Family life, Paleo-ish eating and Coping with Chronic Illness

Posts tagged ‘Blind’

My New Cult and my Aging Parents

It’s true.   I am a part of a cult.  It’s called Fit Bit.  Do you have a Fit Bit?  If you do, there’s a good chance you know what I mean.

I asked for a Fit Bit for Christmas.  Do you know what a Fit Bit is?  If you don’t, there’s a chance you just woke up from a ten year coma.  You might want to check with your doctor about that. Here’s what a Fit Bit looks like:


At first, Scott scoffed at me for wanting a Fit Bit.  He doesn’t get it.  He said, “I just can’t get you one of those.  It’s the principle of the thing.  If you want to work out, just work out.  You don’t need an expensive watch to motivate you.”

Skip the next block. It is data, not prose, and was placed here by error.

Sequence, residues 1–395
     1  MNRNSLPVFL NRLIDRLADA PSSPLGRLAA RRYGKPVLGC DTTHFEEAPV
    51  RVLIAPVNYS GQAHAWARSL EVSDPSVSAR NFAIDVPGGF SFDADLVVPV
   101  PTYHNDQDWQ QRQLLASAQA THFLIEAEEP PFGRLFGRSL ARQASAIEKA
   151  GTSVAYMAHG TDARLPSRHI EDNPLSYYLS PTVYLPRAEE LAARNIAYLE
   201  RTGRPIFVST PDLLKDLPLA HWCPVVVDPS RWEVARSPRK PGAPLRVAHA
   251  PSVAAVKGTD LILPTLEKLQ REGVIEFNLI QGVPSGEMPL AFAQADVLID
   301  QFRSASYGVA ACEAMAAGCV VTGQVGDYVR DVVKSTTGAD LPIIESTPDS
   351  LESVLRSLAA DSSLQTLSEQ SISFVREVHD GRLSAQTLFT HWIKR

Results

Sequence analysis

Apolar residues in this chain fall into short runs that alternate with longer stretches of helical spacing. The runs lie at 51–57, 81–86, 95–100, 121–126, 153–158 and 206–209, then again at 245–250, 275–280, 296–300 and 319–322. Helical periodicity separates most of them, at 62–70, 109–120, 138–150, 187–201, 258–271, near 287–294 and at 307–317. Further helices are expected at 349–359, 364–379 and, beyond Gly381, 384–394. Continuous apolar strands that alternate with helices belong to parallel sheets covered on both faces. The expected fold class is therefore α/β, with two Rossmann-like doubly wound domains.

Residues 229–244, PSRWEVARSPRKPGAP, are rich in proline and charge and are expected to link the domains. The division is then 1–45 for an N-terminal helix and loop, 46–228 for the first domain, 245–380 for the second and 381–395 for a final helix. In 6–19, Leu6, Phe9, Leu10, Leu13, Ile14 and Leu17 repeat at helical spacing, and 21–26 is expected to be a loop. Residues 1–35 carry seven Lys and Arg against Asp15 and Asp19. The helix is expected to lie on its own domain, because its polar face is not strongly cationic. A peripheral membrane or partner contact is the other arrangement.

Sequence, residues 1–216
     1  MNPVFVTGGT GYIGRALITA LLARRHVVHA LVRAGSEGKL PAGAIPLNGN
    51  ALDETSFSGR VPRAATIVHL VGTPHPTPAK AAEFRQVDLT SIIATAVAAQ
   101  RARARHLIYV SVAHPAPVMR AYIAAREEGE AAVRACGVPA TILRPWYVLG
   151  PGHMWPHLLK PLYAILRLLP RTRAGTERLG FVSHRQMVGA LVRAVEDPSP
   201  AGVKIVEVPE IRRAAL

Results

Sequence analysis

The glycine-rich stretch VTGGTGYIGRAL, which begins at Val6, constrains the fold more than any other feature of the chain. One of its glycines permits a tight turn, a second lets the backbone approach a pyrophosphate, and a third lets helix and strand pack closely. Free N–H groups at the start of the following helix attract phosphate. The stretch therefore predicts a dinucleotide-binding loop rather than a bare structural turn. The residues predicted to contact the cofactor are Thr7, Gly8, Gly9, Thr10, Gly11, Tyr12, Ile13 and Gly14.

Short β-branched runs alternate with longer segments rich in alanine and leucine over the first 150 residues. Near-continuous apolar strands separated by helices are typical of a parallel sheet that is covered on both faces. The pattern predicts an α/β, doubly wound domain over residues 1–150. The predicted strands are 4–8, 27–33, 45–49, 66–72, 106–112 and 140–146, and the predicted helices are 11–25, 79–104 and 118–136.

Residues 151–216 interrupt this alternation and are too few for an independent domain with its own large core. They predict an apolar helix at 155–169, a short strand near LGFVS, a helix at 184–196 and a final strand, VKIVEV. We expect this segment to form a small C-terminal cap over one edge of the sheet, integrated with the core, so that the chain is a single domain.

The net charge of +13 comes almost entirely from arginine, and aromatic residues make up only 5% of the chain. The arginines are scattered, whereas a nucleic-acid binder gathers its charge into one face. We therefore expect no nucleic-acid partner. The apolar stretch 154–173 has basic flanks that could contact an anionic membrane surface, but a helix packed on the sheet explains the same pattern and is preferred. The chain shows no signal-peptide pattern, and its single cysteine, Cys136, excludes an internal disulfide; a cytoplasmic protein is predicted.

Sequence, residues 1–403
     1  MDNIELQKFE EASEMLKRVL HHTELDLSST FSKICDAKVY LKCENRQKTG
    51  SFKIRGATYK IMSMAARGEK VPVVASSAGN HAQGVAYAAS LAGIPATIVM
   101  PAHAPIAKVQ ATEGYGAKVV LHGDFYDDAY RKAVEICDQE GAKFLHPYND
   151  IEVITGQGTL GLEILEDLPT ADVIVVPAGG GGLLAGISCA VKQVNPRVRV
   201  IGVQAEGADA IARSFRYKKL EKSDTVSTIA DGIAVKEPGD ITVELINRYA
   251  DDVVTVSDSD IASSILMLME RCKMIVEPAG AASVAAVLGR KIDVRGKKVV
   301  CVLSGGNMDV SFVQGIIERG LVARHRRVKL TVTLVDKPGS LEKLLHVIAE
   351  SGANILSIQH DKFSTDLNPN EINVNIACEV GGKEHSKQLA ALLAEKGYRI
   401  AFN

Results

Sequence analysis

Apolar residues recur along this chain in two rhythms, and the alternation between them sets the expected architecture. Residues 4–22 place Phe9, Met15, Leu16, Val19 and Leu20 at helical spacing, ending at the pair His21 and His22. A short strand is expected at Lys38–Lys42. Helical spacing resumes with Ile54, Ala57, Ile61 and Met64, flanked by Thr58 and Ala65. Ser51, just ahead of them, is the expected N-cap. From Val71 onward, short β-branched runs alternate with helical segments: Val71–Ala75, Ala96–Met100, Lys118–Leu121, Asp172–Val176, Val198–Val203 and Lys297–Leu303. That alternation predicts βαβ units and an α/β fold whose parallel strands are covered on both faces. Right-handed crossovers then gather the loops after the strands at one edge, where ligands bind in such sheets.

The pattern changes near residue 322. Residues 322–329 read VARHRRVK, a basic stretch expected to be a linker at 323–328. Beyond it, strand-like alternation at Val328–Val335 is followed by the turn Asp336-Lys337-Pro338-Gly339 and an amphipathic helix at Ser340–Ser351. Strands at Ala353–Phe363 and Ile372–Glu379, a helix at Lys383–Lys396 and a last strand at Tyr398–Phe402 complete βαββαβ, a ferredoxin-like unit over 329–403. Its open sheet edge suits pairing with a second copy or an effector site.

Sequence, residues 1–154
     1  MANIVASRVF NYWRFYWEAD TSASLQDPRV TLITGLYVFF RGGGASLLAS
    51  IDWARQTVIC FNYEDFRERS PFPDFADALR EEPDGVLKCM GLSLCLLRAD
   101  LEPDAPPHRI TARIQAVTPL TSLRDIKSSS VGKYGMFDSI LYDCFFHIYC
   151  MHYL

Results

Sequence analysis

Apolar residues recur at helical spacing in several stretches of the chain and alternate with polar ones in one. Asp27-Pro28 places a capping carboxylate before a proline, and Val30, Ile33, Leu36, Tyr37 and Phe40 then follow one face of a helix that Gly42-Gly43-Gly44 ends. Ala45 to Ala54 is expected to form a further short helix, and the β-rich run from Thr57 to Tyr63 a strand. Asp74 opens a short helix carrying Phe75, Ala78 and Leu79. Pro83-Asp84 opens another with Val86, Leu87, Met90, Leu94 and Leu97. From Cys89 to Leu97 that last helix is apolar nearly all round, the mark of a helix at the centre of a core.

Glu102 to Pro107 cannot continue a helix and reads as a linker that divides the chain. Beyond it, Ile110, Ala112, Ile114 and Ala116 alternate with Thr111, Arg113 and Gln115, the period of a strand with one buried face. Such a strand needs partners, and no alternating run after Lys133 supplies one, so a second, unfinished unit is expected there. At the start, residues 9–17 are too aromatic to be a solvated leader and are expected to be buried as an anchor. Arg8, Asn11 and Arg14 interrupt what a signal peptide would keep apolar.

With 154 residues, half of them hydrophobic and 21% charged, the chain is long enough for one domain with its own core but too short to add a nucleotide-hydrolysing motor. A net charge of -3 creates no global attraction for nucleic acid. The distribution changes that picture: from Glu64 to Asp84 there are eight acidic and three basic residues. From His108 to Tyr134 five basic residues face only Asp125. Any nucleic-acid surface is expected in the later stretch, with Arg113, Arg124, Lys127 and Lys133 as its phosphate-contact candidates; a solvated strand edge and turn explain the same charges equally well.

But, I do need an expensive watch to motivate me.

Exercising is literally Scott’s favorite thing to do.  He doesn’t do it to lose weight.  He doesn’t do it to impress people.  He does it because it brings him joy.  If Scott couldn’t exercise, he’d be a sad man.  I’m not braggin’ on him.  That’s just how God made him.  Lucky Scott.

I have always been somewhat interested in health and fitness, but always have to find new things to stay motivated.  That’s why I wanted a Fit Bit.  It’s a watch that grades my effort every day.  It tells me at 4pm that if I don’t get moving, I’m getting a C – for the day.  Then, I get off my butt.  Start moving, and bring home an A+.  You’re not literally graded.  They count your steps.  But, for me, it’s like a report card.